Best Degu Cages Eight Great Options for Your Octodontids

Degus hail from the Mediterranean-like shrubland of west-central Chile. While these cute, brown critters are often considered as pests by others, we better understand how they can be incredible pets! Degus enjoy being tickled, and they display their affection towards their owners with their own eccentric ways. (These include nibbling your hair or fingers gently!) That is why these beautiful critters deserve the best degu cage.

So, how do you choose the perfect degu housing? Finding the right cage is the first step in creating the ideal environment for the newest addition to your family. Read on and discover which unit suits your preferences.

8 Best Cages for Degus Reviewed

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Portable Degu Cage Recommendation

Degu Cage Buying Guide: Factors to Consider

Choosing the best degu cage isn’t just about finding a pretty one that will complement your décor. The enclosure has to be cozy and safe for your pets, as well. Besides, there are many other things to consider, ranging from the size of the cage to the materials used.

degu climbs out of the cage

Materials

The best cage for degus is made with metal with bars no more than two centimeters apart. Degus’ teeth are growing continuously. Therefore, it is crucial to source a habitat made of wire, as they can chew their way out of wood and plastic.

Also, you want to make sure that the metal used isn’t prone to rust, particularly since you need to clean the enclosure with water and soap regularly.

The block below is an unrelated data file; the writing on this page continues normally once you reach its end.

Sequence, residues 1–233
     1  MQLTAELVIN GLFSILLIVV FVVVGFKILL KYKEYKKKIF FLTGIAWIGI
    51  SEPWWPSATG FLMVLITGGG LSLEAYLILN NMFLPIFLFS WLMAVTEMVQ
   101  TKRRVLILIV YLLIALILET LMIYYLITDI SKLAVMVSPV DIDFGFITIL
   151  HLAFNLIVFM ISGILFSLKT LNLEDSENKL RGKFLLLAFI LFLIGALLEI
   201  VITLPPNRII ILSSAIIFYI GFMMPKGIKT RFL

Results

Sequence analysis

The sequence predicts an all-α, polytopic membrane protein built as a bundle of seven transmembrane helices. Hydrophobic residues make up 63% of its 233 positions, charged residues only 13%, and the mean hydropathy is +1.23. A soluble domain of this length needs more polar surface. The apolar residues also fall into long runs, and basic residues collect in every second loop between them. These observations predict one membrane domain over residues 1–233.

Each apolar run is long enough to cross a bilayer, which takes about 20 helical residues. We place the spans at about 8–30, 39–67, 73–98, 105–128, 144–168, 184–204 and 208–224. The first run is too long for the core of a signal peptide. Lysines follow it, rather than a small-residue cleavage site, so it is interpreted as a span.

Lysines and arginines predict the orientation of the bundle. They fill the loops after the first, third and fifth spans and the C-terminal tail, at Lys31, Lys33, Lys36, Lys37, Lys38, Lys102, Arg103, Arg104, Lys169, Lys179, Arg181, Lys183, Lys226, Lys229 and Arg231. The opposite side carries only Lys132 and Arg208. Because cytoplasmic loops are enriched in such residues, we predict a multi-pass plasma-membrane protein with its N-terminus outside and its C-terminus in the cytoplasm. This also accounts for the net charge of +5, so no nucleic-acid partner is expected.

Type

Where are you planning to place your degu’s habitat? This decision will determine the type you should be looking for in a cage. A standalone pen is preferable if you have a large area to work with, while a tabletop cage is recommended if you don’t want to rearrange an entire room.

Size

According to PetMD, a minimum of 24 x 18 x 24 inches should accommodate a pair of degus comfortably. If you can get anything larger, it’s even better.

Degus are playful and full of energy, so you can guarantee that your pets will want to have a large habitat filled with many toys. But if your degu is old and less active, you can get away with using a small cage, such as a hamster cage.

Tip:

Think about whether you intend to get more degus in the future. If you are adopting degus for the first time, get a pair or more. Degus thrive in a group, but introducing a new member is not always a successful process.

degu running in its wheel

Multiple Levels

Having multiple levels gives your critters more opportunities for exercise and playtime. Multi-level cages designed for ferrets and chinchillas are usually excellent for degus. Degus love to jump and run around, so you should allow them to express these instinctual needs. Since degus also love to chill out in peace, they will enjoy creating shanty huts under the shelves.

Solid Floors

The platforms, perches, and ramps should be solid metal, not wire. Your pets may develop bumblefoot if their tiny feet are always pressed against the wired floor. However, don’t be discouraged if the cage comes with a shallow plastic pan or wire shelves. These accessories can be replaced inexpensively.

Easy to Clean

Degus aren’t stinky animals, although they can be messy. Their poop is firm and nearly odorless, but their cage will reek of urine if you allow it to accumulate and calcify. Therefore, you need to clean your pet’s’ habitat at least once a week. A big standalone cage should have a stand with pivoting wheels for convenient transport. If the enclosure doesn’t have a deep base, you will be spending a lot of time vacuuming poop and wood shavings that will fly out when your pet plays.

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